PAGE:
President elect Joe Biden’s plan to speed up coronavirus vaccinations nationwide is unlikely to cause a shortage of second doses in Pfizer and Moderna’s two-dose regimen, his advisers claim.
Biden on Thursday announced a $1.9 trillion coronavirus plan, including a goal of 100 million doses delivered in his first 100 days, and outreach to possible recipients. On Tuesday, Trump administration officials shifted to Biden’s plan to release a federal store of Pfizer and Moderna vaccines originally reserved to ensure that Phase 1a recipients would not miss their second dose if supply issues arose.
The incoming president’s advisory board has met with the manufacturers and are confident that second shots will be available on time, said team member Celine Gounder, M.D., of the NYU Grossman School of Medicine, according to CNBC.
“If you look at the timeline for production, they are actually going to be releasing more and more doses over time, so that really does open things up significantly,” added Grounder, an infectious disease specialist.
Each state, meanwhile, has handled the vaccine rollout in its own way. On Tuesday, for example, Maryland’s Gov. Larry Hogan said his state has no plans to include all seniors in the vaccination program until all Phase 1a recipients are completely inoculated, despite new recommendations from federal officials.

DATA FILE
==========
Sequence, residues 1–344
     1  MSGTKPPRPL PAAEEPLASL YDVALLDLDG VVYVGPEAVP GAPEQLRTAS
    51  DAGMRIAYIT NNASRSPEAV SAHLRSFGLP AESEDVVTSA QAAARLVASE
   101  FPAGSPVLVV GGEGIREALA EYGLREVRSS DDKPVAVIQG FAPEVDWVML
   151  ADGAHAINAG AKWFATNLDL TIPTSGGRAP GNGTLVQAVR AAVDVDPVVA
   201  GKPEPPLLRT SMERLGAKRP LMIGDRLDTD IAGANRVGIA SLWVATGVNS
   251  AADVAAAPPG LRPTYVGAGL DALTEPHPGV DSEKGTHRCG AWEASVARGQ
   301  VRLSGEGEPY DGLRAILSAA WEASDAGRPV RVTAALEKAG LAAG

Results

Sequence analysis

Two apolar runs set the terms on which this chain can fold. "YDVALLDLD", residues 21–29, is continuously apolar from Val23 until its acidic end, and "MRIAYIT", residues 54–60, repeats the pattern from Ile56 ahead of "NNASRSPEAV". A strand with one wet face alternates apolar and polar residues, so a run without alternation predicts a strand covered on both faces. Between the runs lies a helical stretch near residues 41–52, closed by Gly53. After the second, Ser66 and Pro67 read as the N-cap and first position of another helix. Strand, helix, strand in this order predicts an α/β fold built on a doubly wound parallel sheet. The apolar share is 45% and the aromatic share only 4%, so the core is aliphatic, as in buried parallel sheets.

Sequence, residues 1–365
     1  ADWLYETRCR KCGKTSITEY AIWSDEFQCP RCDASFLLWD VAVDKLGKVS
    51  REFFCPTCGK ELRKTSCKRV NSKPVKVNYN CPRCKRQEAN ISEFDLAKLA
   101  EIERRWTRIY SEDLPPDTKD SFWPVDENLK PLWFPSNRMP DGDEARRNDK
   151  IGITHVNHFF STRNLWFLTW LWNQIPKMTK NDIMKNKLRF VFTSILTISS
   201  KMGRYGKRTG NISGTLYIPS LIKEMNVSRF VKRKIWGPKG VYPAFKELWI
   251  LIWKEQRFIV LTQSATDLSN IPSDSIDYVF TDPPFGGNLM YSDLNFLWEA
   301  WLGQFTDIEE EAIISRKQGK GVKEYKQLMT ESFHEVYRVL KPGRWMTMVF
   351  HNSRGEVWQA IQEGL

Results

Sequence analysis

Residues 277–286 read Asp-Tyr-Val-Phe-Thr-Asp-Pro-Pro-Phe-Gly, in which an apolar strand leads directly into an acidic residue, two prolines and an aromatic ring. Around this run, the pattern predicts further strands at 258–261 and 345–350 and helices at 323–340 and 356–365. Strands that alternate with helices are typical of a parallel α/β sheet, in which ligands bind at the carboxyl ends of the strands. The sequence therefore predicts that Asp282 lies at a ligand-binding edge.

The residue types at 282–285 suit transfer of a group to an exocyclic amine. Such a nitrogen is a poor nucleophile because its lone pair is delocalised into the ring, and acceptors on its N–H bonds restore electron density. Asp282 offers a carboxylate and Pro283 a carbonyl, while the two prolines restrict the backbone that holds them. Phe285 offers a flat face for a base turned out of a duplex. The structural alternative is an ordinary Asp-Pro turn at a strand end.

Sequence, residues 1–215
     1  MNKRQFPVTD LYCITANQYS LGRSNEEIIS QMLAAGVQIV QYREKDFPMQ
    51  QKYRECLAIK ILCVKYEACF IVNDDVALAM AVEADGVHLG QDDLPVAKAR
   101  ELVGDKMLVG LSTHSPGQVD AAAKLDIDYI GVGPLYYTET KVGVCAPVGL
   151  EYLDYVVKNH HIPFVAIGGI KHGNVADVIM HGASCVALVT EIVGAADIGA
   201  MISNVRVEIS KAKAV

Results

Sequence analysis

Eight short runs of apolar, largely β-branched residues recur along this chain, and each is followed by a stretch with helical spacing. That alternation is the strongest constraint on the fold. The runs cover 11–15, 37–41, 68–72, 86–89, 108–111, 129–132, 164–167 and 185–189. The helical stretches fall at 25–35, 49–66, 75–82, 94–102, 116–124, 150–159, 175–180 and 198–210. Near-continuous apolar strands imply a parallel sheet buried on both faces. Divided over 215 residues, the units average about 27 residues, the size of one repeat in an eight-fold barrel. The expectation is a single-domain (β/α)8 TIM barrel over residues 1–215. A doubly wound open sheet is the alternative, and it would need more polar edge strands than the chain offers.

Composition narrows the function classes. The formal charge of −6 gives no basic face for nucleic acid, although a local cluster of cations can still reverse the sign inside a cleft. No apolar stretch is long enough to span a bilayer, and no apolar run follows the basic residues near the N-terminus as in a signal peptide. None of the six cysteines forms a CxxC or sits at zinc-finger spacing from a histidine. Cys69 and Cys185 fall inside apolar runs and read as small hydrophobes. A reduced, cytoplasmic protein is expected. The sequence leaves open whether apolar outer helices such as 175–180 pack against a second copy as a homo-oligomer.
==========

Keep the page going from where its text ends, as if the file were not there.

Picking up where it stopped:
Hogan’s administration fears that expanding vaccinations to more recipients could leave the state without second doses for nursing home residents and front-line health workers, according to the Baltimore Sun. The governor said he would require assurances from manufacturers and the federal government that vaccine production will increase before moving to the next phase, the news outlet reported.
In sharp contrast, California has opted to open up vaccinations to all seniors as its hospitals overflow with coronavirus patients. That adds another 4 million people to the state’s vaccination roster, according to the Associated Press.
Outgoing Department of Health and Human Services Secretary Alex Azar on Tuesday argued that there are now enough vaccines held back by the federal government to deliver to the states when the second round of doses is needed. Rather than leaving vaccines “sitting on the shelf,” states should begin to overlap the vaccinations of Phase 1b recipients, including adults aged 65 and older, he said.
Whether the Biden team’s additional assurances will reassure states like Maryland remains to be seen. The administration said it plans to work more closely with state and local officials to help smooth the push to speed things up.